Peru impeachment protests: Clashes with police turn deadly
Two people have died in clashes in Peru's capital Lima between police and protesters angry at the impeachment of President Martín Vizcarra.
Several people were injured in the violence that saw police fire tear gas into the crowd of many thousands.
Peru has been rocked by mass protests since Congress voted on Monday to impeach Mr Vizcarra over alleged bribery - charges he denies.
Speaker of Congress Manuel Merino has taken over as interim president.
There are concerns of a growing political crisis as Peru faces a severe economic downturn brought on by the coronavirus pandemic.
Tens of thousands of demonstrators - many of them young - gathered again in Lima and other cities on Saturday for protests that were for the large part peaceful.
The capital echoed with sirens, shouts and chants of protesters demanding the removal of Mr Merino, Reuters reports.
Clashes broke out towards the evening after a group of hooded protesters threw fireworks and stones at the police, who responded with tear gas.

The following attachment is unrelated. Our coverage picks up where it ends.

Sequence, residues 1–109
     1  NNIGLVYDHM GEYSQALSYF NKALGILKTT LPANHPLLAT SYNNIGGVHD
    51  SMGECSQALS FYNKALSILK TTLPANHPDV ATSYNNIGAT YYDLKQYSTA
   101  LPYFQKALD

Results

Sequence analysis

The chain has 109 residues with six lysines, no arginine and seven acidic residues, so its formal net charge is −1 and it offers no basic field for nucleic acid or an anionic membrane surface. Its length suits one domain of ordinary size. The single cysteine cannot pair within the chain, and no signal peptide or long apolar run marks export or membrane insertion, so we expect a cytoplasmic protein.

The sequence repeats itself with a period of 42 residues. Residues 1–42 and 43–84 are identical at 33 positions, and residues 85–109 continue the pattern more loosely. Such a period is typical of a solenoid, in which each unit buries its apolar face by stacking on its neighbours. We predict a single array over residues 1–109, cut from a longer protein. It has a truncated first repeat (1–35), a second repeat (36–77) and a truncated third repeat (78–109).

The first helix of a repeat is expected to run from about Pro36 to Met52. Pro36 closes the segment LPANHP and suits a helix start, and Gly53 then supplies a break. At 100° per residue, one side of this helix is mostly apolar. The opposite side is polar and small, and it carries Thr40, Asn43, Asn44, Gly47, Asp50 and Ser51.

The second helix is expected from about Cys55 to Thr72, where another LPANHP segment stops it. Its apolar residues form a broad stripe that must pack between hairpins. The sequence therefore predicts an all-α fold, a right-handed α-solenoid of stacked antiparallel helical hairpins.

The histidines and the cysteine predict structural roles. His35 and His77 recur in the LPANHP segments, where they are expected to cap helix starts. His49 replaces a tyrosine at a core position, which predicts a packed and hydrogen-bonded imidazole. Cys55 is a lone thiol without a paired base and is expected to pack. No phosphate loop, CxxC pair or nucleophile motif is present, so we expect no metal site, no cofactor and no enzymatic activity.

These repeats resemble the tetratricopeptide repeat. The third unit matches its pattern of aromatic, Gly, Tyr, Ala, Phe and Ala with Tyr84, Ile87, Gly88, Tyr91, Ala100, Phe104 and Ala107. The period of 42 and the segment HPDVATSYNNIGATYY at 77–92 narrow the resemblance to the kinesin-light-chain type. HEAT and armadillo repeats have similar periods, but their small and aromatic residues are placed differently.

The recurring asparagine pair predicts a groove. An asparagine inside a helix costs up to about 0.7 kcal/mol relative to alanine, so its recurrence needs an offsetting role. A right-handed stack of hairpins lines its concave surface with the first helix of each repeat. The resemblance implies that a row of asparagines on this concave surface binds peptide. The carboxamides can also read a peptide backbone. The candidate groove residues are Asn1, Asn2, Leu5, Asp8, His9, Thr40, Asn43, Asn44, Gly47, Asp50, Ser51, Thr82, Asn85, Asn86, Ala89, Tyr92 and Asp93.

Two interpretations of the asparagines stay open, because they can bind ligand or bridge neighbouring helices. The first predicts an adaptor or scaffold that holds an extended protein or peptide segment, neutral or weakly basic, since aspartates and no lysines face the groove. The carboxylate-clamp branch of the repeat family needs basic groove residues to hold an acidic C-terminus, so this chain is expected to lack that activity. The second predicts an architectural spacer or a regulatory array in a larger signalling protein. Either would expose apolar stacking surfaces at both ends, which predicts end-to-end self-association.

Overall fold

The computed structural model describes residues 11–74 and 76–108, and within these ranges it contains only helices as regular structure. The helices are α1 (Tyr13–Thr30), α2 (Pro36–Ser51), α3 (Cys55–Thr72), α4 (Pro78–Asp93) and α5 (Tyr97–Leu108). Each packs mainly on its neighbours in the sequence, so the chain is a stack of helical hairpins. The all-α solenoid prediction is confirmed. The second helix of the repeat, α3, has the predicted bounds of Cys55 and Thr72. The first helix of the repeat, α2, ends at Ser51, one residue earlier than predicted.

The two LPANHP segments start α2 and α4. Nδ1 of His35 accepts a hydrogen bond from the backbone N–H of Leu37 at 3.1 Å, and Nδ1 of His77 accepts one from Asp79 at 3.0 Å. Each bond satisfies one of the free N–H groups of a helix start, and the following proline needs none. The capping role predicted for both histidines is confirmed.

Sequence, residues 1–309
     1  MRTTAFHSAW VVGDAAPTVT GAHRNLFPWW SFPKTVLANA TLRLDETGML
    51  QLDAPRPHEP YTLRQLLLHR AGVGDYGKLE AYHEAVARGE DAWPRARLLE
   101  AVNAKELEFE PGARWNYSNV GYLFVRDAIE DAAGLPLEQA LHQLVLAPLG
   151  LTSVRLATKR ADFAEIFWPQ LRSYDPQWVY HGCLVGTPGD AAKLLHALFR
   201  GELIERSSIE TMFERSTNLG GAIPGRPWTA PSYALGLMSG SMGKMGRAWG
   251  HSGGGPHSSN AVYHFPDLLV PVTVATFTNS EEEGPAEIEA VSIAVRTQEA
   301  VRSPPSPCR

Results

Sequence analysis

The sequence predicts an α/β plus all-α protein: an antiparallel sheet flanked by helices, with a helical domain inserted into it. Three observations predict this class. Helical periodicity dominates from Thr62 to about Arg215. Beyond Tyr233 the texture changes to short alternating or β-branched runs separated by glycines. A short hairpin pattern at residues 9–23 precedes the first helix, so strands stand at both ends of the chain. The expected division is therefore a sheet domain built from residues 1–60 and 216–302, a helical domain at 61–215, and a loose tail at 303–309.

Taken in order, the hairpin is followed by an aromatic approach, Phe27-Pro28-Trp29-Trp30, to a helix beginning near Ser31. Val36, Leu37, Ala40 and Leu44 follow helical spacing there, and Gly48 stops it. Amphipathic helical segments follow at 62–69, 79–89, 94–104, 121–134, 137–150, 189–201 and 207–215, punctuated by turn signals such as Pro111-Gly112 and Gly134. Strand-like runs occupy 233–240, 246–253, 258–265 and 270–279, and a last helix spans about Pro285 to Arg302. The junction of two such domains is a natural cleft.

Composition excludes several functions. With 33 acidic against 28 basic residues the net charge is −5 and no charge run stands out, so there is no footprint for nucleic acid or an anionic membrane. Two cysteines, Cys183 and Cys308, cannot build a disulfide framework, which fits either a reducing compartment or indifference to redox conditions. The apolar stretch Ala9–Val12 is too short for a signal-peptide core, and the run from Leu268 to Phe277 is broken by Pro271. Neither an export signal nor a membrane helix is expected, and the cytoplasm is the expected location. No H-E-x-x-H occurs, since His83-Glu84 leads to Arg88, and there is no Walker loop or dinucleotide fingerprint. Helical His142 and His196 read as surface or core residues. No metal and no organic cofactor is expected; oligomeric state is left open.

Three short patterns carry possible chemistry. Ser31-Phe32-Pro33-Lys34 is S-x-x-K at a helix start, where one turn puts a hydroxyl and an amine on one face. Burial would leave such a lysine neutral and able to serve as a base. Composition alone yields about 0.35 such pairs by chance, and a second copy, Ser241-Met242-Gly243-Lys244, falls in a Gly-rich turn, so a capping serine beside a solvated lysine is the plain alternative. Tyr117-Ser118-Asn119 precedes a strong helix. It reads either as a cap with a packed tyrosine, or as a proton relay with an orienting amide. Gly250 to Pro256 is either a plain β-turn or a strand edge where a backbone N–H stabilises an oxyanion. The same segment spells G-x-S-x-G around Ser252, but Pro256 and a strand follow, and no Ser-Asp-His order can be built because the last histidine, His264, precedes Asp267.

Two men, one aged 24 and the other 25, were killed.
Mr Vizcarra, 57, has enjoyed continued support among many voters for his attempts at reform.
He has been embroiled in a bitter battle with Congress, which is dominated by rival parties, since he took office in March 2018.
Last year, the president dissolved Congress, arguing that lawmakers were obstructing his anti-corruption agenda. A new Congress was elected in January, but tension remained high between the legislative and the executive, with Mr Vizcarra accusing lawmakers of fostering "chaos and disorder".
Mr Vizcarra has denied allegations that he accepted bribes worth 2.3m soles ($640,000; £487,000) when he was governor of the southern Moquegua region.
Monday's move in Congress came after a previous attempt to remove him. An earlier vote held on 18 September fell far short of gaining the necessary votes when only 32 lawmakers cast their ballot in favour of removing Mr Vizcarra.
Mr Vizcarra had previously said he would accept the impeachment vote, not take any legal action, and leave the presidential palace. But on Tuesday, he questioned the "legality and legitimacy" of his removal.
"Legality is in question because the Constitutional Court has not yet ruled, and legitimacy is given by the people," he told reporters outside his home in Lima.
Mr Merino is expected to retain the presidency until July 2021 - when Mr Vizcarra's term was due to end.